Republicans from Washington to Little Rock are privately distressed that Rep. Tom Cotton, R-Ark., – a candidate once hailed as their most talented U.S. Senate recruit of the cycle – has lost his luster in his challenge to second-term Democratic Sen. Mark Pryor.
The overarching problem: While Cotton’s resume is sparkling, his persona is flat. He speaks with authority, but lacks warmth. His wooden delivery is more often academic, lacking an everyday, common touch that’s still essential in a place with slightly less than 3 million people, the smallest state in the south. His slender frame and boyish haircut makes him look even younger than his 37 years, a trait Democrats are attempting to subtly exploit as they portray Cotton as a bit too overeager as he seeks a promotion after just a single term in the House. He's a smash hit with the conservative commentariat class in Washington, but remains a largely unknown quantity to the everyday Arkansan.
“He talks like he’s at a dinner party at Bill Kristol’s house. There’s things I like about that, but that’s not the way you want to talk when running around Little Rock,” says one Beltway Republican operative closely following the race who has become measurably less confident about Cotton’s chances.
Some lament, when it matters most, Cotton is not even showing up. The freshman representative missed the Bradley County Pink Tomato Festival in his own district in June, a celebration attended by an estimated 30,000 that has become a marquee opportunity for political candidates to showcase their grinning, gripping and backslapping. Pryor rode in the parade, posed for pictures with ladies in tomato-cut aprons and spoke at a luncheon. When it came time for the candidates to compete in the fast-paced tomato eating contest, Cotton was nowhere to be found. Instead, The Nation reported Cotton was at a political event in California with the Koch Brothers, the libertarian-minded billionaires who have been villainized by Democrats for devoting their fortune to conservative causes and candidates.
“It’s been a learning curve for Tom Cotton,” says Rex Nelson, a longtime communications consultant and writer who worked for former Gov. Mike Huckabee in the state. “He obviously is a strong intellect, somebody who can give a good speech and write a good article, but that is a different skill than the backslapping, handshaking, story swapping side of Arkansas.”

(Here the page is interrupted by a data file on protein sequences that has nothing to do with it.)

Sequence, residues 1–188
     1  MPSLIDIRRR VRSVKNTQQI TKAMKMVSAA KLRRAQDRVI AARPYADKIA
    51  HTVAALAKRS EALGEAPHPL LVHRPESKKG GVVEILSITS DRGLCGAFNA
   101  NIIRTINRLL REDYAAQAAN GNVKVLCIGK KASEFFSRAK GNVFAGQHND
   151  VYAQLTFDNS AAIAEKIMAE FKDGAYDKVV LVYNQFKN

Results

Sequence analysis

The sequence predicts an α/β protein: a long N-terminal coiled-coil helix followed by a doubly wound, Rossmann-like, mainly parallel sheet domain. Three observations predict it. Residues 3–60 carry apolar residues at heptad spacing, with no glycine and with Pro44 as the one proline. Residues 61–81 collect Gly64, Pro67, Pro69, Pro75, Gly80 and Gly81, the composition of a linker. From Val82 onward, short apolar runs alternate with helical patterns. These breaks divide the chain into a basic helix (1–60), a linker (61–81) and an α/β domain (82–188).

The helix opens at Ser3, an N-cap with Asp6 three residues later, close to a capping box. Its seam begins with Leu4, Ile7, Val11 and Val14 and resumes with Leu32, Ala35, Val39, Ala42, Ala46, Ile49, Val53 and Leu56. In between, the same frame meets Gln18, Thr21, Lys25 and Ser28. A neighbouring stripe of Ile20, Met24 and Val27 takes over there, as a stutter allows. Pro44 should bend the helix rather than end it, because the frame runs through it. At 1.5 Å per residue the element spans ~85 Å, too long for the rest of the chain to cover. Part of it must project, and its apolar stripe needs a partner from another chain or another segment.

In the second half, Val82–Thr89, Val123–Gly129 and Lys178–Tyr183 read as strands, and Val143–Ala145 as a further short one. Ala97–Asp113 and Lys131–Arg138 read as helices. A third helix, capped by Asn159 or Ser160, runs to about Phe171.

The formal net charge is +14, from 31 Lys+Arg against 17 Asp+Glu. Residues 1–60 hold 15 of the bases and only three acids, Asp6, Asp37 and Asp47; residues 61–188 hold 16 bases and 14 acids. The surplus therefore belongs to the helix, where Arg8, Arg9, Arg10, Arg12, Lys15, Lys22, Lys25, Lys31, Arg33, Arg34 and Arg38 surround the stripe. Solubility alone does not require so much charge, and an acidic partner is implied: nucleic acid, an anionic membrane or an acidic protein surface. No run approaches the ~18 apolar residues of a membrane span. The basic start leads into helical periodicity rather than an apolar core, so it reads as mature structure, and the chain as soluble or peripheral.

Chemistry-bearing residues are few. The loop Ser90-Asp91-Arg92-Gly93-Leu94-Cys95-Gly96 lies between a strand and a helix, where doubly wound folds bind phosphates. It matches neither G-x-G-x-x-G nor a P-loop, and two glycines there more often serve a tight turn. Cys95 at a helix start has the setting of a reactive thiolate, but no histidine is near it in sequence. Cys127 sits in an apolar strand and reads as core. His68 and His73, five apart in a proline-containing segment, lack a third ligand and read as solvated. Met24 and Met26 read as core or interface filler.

No doubt Arkansans have been spoiled by the outsized personalities that have graced the state’s political stage during the past two decades. The Natural State, after all, is home to big name retail politicians like Bill Clinton and Huckabee – candidates who could bring down a community center with a stirring speech, a whimsical joke or even a musical performance.
“Cotton has a reputation, bless his heart, for being a bit of a cold fish,” says Janine Parry, a pollster and professor at the University of Arkansas.
This is not to say a cold fish is a dead one.
Most polling has shown an incredibly close race. Both sides now agree the campaign will likely be decided by single digits. Pryor still faces all the headwinds blowing hard into the faces of red-state Democrats. Most Arkansans prefer a senator who will serve as a check on President Barack Obama over one aligned with him.
“How does he run 20 points ahead of his president? It has seldom happened in a modern Senate election,” says a GOP strategist not authorized to speak on behalf of the campaign.
That's not entirely true. There are plenty of recent examples of candidates outpacing the top of their own ticket by double digits. In 2008, Sen. Susan Collins, R-Maine, won re-election by outpacing the GOP presidential nominee by 21 points.
In 2012, then Democratic candidate Heidi Heitkamp paced 12 points ahead of Obama in North Dakota to eek out a Senate win in the biggest upset of the night. Pryor will need to best that gaping spread to survive.
Even so, there’s an unmistakable sense that Pryor has a renewed opportunity to hold on to his seat – if only by the skin of his teeth – simply because of Cotton’s failure to connect.
“Pryor was a dead man walking three months ago,” conceded a Democratic consultant in Washington. “But the momentum has shifted and it speaks more to Cotton’s weakness as a candidate than what Pryor’s done. It’s more about Cotton.”